One thing that has been on my mind since SIGGRAPH is the problem diminishing returns poses: when do you switch from an approach, algorithm, or model because any gains to be had are increasingly diminishing?
The specific thing that has got me thinking about this is the rapid approach of fully programmable GPUs. So far this is not looking like it will be another evolutionary change to the venerable D3D/OpenGL programming model, and will in fact be a radical change in the way we program graphics. Which is just another way for saying it will be a change in the way we *think* about graphics.
At SIGGRAPH there was a panel of various industry and academic luminaries discussing the ramifications -- is the OpenGL/D3D model dead? (not yet), what will be the model that replaces it? (no one knows), is this an interesting time to be a graphics programmer? (yes). A colleague pointed out that the members of the panel lacked a key constituency -- a representative from a game studio that's just trying to make a game without a huge graphics programming team. The old model is on its last legs, the new world is so open that to call it a "model" would be an insult to programming models. If you're an academic or an engine maker, this doesn't present a problem, in fact, it is a huge opportunity -- back to the old-school, software renderer days. Anything's possible!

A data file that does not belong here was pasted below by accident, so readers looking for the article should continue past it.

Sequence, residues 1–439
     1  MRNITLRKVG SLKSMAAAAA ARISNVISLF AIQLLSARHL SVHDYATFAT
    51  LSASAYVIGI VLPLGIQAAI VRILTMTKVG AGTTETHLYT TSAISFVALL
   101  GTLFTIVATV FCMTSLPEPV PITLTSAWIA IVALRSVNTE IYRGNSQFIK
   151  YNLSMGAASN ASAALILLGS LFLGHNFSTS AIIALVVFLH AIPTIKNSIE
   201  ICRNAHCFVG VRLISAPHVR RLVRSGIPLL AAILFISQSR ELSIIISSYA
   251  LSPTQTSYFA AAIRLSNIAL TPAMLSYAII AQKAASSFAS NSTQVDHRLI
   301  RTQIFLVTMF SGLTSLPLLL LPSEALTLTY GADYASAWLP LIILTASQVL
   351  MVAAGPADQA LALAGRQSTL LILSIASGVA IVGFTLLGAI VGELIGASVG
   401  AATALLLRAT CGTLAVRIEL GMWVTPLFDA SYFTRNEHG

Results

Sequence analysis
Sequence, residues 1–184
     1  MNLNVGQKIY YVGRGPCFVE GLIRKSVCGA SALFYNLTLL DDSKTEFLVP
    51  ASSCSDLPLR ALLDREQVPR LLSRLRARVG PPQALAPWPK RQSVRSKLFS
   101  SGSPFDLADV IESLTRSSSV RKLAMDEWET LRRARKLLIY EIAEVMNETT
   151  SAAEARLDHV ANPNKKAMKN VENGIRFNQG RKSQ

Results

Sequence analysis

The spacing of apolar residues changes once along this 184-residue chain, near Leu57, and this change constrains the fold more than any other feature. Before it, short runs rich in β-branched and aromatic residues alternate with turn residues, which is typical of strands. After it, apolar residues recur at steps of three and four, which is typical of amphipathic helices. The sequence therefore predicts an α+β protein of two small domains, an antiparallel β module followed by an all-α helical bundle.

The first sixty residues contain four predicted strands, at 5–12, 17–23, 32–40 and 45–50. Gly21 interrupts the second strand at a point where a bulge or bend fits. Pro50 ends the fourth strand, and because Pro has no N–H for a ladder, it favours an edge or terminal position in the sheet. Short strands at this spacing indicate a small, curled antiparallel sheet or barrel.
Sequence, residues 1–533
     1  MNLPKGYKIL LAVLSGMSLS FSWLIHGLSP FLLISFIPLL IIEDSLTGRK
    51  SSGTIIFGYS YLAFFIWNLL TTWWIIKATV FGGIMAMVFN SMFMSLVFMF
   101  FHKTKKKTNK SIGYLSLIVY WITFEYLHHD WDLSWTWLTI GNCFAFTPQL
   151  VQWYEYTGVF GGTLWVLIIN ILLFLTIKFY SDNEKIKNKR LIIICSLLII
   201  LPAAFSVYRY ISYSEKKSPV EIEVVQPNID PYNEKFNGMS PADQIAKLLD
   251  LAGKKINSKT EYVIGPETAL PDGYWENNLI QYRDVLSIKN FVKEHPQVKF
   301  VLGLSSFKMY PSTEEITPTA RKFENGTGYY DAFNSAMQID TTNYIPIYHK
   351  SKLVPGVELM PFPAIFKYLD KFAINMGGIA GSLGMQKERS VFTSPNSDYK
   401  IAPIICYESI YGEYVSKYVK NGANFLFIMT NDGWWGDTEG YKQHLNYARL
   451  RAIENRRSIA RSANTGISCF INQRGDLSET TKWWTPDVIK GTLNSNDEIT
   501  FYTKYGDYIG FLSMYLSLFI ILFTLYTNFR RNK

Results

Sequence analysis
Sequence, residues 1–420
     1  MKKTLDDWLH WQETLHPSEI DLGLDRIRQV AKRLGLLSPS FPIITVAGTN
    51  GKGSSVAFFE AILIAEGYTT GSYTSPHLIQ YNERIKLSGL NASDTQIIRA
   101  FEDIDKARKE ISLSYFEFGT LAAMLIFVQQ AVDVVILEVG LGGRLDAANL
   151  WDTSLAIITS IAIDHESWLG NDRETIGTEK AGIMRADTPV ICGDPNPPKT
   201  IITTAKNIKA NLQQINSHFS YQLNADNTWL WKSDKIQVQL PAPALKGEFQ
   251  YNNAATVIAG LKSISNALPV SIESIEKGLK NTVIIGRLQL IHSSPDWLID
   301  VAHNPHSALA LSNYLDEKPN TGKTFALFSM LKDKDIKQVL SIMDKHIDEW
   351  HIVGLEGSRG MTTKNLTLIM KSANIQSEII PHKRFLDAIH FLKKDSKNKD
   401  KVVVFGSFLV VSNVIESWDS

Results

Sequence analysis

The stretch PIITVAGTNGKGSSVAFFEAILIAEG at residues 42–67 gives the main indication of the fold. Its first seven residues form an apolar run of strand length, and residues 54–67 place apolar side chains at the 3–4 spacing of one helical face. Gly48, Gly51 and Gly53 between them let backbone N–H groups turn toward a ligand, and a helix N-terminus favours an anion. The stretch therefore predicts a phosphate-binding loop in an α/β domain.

But for your average game developer, it could mean you are one poor middleware choice away from disaster. You don't have the resources of the engine creators, so being ripped asunder from the warm embrace of the familiar D3D/OpenGL model can be a little terrifying. To put it another way: the beauty of a model like D3D/OpenGL is that no matter what engine or middleware you use, when it comes to the renderer, there is a lot of commonality. In this new world, there are a bunch of competing models or approaches -- that's part of the point. Engine creators will have a bevy of approaches to choose from -- but if you're just trying to get a game done, and you find your engine's choice of approach doesn't match what you need to do, well, you've got a lot of work all of the sudden.
But we face these choices in software development all the time: when to abandon an algorithm or model because of diminishing returns. Change too soon and you've done a lot of extra work you could have avoided by just refining the existing code. Change too late and you miss opportunities that could differentiate your offerings. We like to pretend like doing cost/benefit analysis on this kind of stuff is easy, as if we were comparing a Volvo against a Toyota at the car dealer. But often the issues can be quite complex, and the fallout quite unexpected.
It's cliche, but we live in interesting times.